Fecal samples were evaluated for isolated (n = 165) and interface (n = 98) bighorn sheep among six isolated and three interface populations. Fecal samples were evaluated for isolated (n = 36) and interface (n = 44) domestic sheep among three isolated and six interface populations. Twelve fecal samples were analyzed from the goat population. Protostrongylus and Dictyocaulus sp. were identified in isolated and interface bighorn sheep populations, whereas dorsal-spined larvae presumed to be Muellerius sp. were identified in an isolated bighorn sheep population. Representatives of Trichostongylina, Moniezia spp., Strongyloides sp., and Eimeria sp. were identified in the goat population. Trichostongylina, Moniezia spp., and Eimeria sp. were identified in isolated and interface domestic sheep populations, whereas Strongyloides sp. and Dictyocaulus sp. were identified in interface domestic sheep populations. Muellerius sp. was not identified in domestic goat and sheep populations. Livestock were treated with anthelmintics at least once during the previous year.
This study documented the presence of multiple bacterial, viral, and parasite species in bighorn sheep and livestock populations distant from and at the domestic animal/wildlife interface. Although the sites where these populations were sampled do not reflect the extensive translocations of bighorn sheep that have been conducted for management purposes or individual animal movements between populations , these results provide important baseline data for understanding agents potentially responsible for respiratory disease in bighorn and domestic sheep under field conditions. Populations of varying size (Table 1) were sampled opportunistically based on agency or collaborator activities with bighorn sheep, and livestock operator's willingness to participate. Consequently, based on standards for observational studies , the limitations of extrapolating inferences from this study to other populations and locations must be acknowledged. Also, few males were sampled in this study, and all wildlife and domestic populations at the interfaces studied could not be sampled.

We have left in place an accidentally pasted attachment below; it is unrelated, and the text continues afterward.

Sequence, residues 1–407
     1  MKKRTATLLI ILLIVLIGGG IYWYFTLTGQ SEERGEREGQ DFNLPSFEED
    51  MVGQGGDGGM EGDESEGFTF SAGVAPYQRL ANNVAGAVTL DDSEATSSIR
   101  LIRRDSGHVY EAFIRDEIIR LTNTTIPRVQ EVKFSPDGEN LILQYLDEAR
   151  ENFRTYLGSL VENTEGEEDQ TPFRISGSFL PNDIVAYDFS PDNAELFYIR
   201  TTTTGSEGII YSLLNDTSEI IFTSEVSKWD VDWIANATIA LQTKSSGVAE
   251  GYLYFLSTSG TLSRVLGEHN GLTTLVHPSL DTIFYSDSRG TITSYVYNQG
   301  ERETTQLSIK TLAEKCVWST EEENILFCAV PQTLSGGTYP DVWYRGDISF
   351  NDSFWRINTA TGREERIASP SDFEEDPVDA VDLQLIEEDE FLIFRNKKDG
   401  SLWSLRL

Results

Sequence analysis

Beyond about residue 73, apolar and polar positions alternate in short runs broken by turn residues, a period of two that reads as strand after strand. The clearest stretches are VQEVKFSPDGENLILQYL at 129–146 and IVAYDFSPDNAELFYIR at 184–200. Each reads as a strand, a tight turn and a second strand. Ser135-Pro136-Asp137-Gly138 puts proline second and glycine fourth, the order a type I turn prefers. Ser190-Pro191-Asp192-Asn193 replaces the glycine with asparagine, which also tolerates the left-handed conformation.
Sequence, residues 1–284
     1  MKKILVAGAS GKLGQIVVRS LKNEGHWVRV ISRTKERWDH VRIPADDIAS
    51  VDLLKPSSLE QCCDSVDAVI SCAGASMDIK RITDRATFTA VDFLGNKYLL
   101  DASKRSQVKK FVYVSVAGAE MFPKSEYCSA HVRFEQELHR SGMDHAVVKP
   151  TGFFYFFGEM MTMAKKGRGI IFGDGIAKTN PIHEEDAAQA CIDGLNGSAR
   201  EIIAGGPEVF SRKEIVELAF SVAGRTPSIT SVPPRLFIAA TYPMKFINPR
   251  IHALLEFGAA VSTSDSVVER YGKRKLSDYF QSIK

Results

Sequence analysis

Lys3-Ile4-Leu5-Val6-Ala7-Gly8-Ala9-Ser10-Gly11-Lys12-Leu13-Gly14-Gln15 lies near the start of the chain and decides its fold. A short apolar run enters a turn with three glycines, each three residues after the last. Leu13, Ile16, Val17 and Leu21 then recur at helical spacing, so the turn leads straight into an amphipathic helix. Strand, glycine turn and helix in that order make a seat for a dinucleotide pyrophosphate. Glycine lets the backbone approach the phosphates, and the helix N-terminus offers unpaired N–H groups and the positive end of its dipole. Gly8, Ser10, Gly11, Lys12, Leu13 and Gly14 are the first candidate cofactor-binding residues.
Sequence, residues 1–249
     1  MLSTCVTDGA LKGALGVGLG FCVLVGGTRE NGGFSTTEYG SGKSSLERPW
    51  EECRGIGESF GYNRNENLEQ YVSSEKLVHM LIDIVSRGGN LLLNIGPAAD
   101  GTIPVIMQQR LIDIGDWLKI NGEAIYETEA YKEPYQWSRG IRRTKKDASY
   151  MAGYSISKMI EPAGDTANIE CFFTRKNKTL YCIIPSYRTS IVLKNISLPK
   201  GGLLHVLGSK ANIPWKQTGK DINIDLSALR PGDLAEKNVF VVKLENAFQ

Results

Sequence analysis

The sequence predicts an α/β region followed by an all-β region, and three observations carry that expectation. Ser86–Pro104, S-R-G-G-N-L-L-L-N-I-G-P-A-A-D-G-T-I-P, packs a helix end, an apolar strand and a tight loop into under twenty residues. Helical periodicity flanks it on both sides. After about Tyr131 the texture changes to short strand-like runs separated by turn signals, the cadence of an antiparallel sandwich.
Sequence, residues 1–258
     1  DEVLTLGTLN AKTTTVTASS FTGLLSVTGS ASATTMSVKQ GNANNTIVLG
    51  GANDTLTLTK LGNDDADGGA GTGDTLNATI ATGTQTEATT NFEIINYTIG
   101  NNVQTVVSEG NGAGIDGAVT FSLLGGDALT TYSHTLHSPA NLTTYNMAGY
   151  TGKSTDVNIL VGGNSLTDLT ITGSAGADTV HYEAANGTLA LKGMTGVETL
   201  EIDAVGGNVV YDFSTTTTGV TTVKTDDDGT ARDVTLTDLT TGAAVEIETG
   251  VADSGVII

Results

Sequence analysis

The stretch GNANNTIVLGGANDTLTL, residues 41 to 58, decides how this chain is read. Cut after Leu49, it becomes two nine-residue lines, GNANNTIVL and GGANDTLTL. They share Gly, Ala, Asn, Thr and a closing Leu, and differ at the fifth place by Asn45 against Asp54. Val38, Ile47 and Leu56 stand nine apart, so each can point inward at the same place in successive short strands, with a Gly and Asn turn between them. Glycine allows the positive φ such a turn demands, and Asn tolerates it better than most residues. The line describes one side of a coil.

Sampled bighorn sheep populations varied by an order of magnitude in estimated size and density (Table 1). Domestic sheep populations varied by two orders of magnitude and ranged from small family operations to large, open range populations. While bighorn sheep were exclusively on public land (federal and state), domestic livestock were largely on private land. This finding is, in part, a function of the populations sampled for this study. However, it illustrates that, while there has been contention over domestic livestock grazing on public lands [42, 43], the potential for conflicting management objectives also exists where domestic livestock are on private land near to public lands that are populated with bighorn sheep. The range in sizes of sampled bighorn and domestic sheep populations met the objective of establishing representative baseline data, although further research is needed to establish whether there are patterns associated with population size.